Prime Minister Boris Johnson said that the United Kingdom faces a “tidal wave” of infections from the Omicron coronavirus variant, and announced a huge increase in booster vaccinations to strengthen defences against it.
“No one should be in any doubt: there is a tidal wave of Omicron coming,” he said in a televised address on Sunday, after the country’s medical advisers raised the COVID alert level due to a “rapid increase” in infection from the variant, which originated in South Africa last month.
In his address, the UK prime minister announced that everyone age 18 and older will be offered a third shot of vaccine by the end of this month in response to the Omicron “emergency.” The previous target was the end of January.
“I’m afraid we’re now facing an emergency in our battle with the new variant Omicron, and we must urgently reinforce our wall of vaccine protection to keep our friends and loved ones safe,” he said, adding that cases of the highly transmissible variant are doubling every two to three days.
An update on booster jabs. https://t.co/73NbmmhTiP
— Boris Johnson (@BorisJohnson) December 12, 2021
Johnson said it was “now clear that two doses of vaccine are simply not enough” to protect fully against the new variant.
However, he said, “Our scientists are confident that with a third dose, a booster dose, we can all bring our level of protection back up.”
He announced a “national mission” to deliver booster vaccines, with pop-up vaccination centres, seven-day-a-week clinics getting support from teams of military planners and thousands of volunteer vaccinators.
The announcement came after a picture of Johnson emerged on Sunday flanked by colleagues hosting a Christmas quiz in Downing Street last year while London was under coronavirus restrictions.
Johnson’s December 31 target applies to England. The other parts of the UK – Scotland, Wales and Northern Ireland – are also expected to speed up their vaccination campaigns.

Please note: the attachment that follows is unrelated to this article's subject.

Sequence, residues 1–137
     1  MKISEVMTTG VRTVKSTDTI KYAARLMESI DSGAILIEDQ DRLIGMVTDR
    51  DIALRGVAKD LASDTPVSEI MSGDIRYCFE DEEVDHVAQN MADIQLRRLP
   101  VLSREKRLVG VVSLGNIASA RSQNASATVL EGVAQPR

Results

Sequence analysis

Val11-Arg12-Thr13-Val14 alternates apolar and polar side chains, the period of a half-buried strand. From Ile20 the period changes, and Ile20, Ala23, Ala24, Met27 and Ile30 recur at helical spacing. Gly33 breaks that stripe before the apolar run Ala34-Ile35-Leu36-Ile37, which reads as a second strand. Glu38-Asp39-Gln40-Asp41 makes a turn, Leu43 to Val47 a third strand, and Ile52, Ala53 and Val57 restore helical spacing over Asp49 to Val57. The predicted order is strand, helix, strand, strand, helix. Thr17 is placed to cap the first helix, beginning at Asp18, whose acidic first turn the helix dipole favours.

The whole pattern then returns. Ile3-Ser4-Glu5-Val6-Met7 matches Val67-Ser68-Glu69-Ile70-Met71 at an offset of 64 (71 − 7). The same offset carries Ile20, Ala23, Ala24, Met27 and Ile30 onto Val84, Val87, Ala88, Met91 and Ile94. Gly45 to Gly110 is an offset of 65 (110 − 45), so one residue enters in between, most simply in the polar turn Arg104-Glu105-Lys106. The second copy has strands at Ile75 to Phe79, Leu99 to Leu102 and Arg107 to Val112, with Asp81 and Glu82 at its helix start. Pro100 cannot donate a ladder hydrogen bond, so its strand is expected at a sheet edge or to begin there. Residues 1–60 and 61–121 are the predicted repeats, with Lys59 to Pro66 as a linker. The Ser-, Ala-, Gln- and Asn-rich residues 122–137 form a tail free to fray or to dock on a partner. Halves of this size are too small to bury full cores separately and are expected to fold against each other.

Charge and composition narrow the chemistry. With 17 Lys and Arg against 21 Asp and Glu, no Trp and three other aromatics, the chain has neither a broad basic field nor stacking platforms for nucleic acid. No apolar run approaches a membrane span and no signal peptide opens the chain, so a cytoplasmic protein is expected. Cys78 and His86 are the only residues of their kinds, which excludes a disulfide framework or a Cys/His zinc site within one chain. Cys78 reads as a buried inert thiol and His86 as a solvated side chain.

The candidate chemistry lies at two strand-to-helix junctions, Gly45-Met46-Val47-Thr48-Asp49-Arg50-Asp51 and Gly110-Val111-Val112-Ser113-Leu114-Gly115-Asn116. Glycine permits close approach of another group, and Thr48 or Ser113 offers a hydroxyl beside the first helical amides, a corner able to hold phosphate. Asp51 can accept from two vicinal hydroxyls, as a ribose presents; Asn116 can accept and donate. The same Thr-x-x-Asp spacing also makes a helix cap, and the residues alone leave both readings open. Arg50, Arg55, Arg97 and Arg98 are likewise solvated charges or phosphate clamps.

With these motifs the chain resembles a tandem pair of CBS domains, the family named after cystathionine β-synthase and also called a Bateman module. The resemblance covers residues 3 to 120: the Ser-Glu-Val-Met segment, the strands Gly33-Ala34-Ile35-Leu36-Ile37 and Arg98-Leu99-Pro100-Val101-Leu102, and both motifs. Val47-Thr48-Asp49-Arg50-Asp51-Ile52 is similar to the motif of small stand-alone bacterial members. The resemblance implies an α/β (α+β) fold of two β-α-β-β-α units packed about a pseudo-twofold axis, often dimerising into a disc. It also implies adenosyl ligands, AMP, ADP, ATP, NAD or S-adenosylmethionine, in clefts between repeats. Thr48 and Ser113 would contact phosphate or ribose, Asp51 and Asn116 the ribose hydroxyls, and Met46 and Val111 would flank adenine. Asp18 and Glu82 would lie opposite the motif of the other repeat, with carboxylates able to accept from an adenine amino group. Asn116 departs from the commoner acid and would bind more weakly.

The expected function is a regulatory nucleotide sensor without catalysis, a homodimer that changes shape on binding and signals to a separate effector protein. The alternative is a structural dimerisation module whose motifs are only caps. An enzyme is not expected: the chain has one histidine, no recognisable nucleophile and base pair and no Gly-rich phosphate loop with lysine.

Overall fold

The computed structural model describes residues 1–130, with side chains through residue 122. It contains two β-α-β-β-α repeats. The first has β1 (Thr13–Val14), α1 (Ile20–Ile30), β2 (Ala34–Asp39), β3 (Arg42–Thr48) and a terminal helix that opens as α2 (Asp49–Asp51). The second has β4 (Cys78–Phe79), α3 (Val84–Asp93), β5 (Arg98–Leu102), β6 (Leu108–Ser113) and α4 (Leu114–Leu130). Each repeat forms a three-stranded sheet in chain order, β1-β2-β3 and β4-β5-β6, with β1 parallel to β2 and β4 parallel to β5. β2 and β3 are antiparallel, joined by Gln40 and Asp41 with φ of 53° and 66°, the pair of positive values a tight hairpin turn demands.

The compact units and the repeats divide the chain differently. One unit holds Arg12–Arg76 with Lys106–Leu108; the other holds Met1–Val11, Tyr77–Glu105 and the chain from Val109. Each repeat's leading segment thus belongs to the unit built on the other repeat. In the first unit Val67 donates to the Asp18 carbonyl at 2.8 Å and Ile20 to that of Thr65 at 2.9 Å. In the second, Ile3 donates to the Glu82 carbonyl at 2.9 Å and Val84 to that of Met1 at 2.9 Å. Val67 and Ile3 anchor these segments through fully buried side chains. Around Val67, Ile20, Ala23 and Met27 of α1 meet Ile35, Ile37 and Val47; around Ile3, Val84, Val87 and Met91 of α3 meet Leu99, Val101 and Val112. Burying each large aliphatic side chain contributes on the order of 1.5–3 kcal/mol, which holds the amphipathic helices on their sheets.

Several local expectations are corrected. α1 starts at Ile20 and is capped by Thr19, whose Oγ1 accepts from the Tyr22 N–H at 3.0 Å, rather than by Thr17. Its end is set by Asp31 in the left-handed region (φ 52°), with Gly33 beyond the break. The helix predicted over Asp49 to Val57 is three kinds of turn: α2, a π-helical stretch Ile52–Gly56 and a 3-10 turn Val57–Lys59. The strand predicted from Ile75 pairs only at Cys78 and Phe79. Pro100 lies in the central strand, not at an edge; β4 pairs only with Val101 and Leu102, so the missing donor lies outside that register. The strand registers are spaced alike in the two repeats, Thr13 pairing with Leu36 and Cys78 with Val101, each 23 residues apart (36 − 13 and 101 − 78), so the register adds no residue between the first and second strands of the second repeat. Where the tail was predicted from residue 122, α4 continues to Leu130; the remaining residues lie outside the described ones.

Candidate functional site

UK scientists believe existing vaccines appear less effective in preventing symptomatic infections in people exposed to Omicron, though preliminary data show that effectiveness appears to rise to between 70 percent and 75 percent after a third vaccine dose.
The UK health advisers said earlier on Sunday that the public health risk assessment would move from level three to four – the second-highest level – which indicates “transmission is high and pressure on healthcare services is widespread and substantial or rising”.
The chief medical officers of England, Scotland, Wales and Northern Ireland said the emergence of the highly transmissible new strain “adds additional and rapidly increasing risk to the public and health care services” at a time when COVID-19 is already widespread.
The doctors said early evidence shows Omicron is spreading much faster than the currently dominant Delta variant, and that vaccines offered less protection against it. British officials have said Omicron is likely to replace Delta as the dominant strain in the UK within days.
Concerns surrounding the new strain led Johnson’s Conservative government to reintroduce restrictions that were lifted almost six months ago. Masks must be worn in most indoor settings, COVID-19 certificates must be shown to enter nightclubs and people are being urged to work from home if possible.
Many scientists have said that is unlikely to be enough, however, and are calling for tougher measures, which the government so far has resisted.
Scientists in South Africa, where Omicron was first identified, said they see signs it may cause less severe disease than Delta, but caution that it is too soon to be certain.